(Bloomberg) — A Chinese doctor who was initially sanctioned for warning about the deadly Wuhan coronavirus outbreak in early January has died, stoking fresh anger online at the Communist Party-led government.

For hours, the status of the doctor, Li Wenliang, had been unclear after earlier reports of his death on Chinese social media were deleted and replaced by messages saying he was being treated. Around 3 a.m. Beijing time, Wuhan Central Hospital said that Li was dead “after all efforts to save him failed.”

“Li Wenliang, an ophthalmologist at our hospital, had unfortunately been infected when he worked on fighting against the coronavirus outbreak,” the hospital said on the Chinese social platform Weibo. He was 34, according to reports in Chinese media.

The Wuhan doctor became well-known after he made a December social media post warning about a SARS-like illness. In the weeks that followed, the virus exploded into the epidemic that has sickened more than 25,000, halted travel across parts of China, and led to the mass quarantine of Wuhan, a city of more than 10 million.

But days after Li’s warning on social media, he was reprimanded by police for rumor-mongering online, according to his social media account. He later announced via social media that he had been infected with coronavirus.

Responding to the outrage on Friday, China’s top disciplinary body, the National Supervisory Commission, said in a statement that it would send a team to Wuhan to investigate “issues people reported involving Dr. Li Wenliang.” It was approved by the Communist Party Central Committee headed by President Xi Jinping.

Li’s warning, and the police reprimand, have raised questions within China about whether Communist Party authorities could have done more earlier to stop the spread of the infection. His final hours sparked a confusing episode that only reinforced the narrative that Chinese officials were more concerned about stage-managing the message rather than giving transparent updates about developments related to the virus.

‘Arise!’

The doctor’s death was announced on social media by a Chinese state media-affiliated publication, only to see the posts deleted and replaced by reports that he was still alive. Then hours later he was finally reported dead again by the hospital where he worked.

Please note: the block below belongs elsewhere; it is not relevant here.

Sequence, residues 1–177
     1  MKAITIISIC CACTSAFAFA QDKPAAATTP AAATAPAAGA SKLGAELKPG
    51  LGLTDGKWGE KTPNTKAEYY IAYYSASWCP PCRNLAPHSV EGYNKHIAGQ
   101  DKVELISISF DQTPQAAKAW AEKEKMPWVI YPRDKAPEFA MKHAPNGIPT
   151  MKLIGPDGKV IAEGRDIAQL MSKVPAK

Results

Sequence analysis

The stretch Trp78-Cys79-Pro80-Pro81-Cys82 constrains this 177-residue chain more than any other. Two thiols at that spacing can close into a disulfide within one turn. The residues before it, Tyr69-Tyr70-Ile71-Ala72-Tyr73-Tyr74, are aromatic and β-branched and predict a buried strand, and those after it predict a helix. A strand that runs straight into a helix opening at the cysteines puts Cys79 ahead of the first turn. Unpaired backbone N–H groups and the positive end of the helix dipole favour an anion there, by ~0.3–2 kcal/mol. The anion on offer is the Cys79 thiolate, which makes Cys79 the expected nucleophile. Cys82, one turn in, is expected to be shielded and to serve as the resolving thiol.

Chinese netizens accused government authorities of hiding the truth by conjuring up a fake miracle that Li was still alive. The hashtag “I Want Freedom of Speech” picked up amid public anger while these posts were being constantly censored and deleted on Weibo.

Many also typed out the first line of the Chinese national anthem — “Arise! All those who don’t want to be slaves!” — and shared the song “Do You Hear the People Sing,” from “Les Miserables,” a musical about people who have taken to the streets to protest against tyranny.

Li Yuchen, an individual blogger who wrote a widely shared piece chronocling Li’s experience, was invited to have a conversation with the police, which he said lasted for 8 hours. According to his account of the experience posted on Chinese messaging service WeChat, police asked him “Do you love your country?”

Confusion, Censorship

The drama started to unfold at around 9:30 p.m. Thursday night, when a verified neurosurgical doctor at Wuhan Union Hospital first revealed Li’s passing on Weibo in a now-deleted post.

At around 10 p.m. local time, state-run media outlets received a notice to strictly regulate coverage of Li’s condition, avoid issuing alerts and refrain from any commentary, according to a person familiar with the situation.

The Global Times, which is affiliated with the Communist Party’s People’s Daily, posted at 10:44 p.m. Thursday that Li had died. “Global Times’ reporters learned from several sources that Wuhan Central Hospital’s Dr. Li Wenliang died of pneumonia infected by the novel coronavirus tonight,” the outlet said in a post accompanied by a somber image of candles.

Bloomberg News also reported Li’s death, citing a person familiar with the matter and Chinese media.

Roughly an hour after the Global Times’s initial report, the post was deleted from two of its Weibo accounts. Another message mourning the doctor by Hu Xijin, the Global Times’s editor-in-chief, was also removed.

‘Must Be United’

Li’s death rapidly became a trending topic on the Chinese social-media platform Weibo around midnight local time, with the hashtags #DoctorLiPassedAway and #LiWenliangPassedAway attracting hundreds of millions of views.

Around 1 a.m. Beijing time, Hu from the Global Times suggested Li was alive and efforts were being made to save him.

“We wish a miracle of life could happen,” Hu said in a new post.

The hospital said Li died at 2:58 a.m. Beijing time, or 1:58 p.m. in New York.

After his death, the government appeared to make an effort to ease the public anger. A commentary by state-run CCTV said Li’s experience “reflects the shortcomings in our epidemic control and response” and “we need to learn from that.”

Wuhan’s government, which initially sanctioned Li, called his death unfortunate.

“We express our deep condolences and regret,” it said. “We pay tribute to him for standing on the frontline to fight against the epidemic and express sincere condolences to his family.”

(Updates with government statement in sixth paragraph. An earlier version corrected the name of the Global Times editor.)

–With assistance from Adveith Nair, Linly Lin, Jacob Gu and Belinda Cao.

To contact Bloomberg News staff for this story: Drew Armstrong in New York at darmstrong17@bloomberg.net;Dong Lyu in Beijing at dlyu3@bloomberg.net;Haze Fan in Beijing at hfan40@bloomberg.net

To contact the editors responsible for this story: Drew Armstrong at darmstrong17@bloomberg.net;Daniel Ten Kate at dtenkate@bloomberg.net

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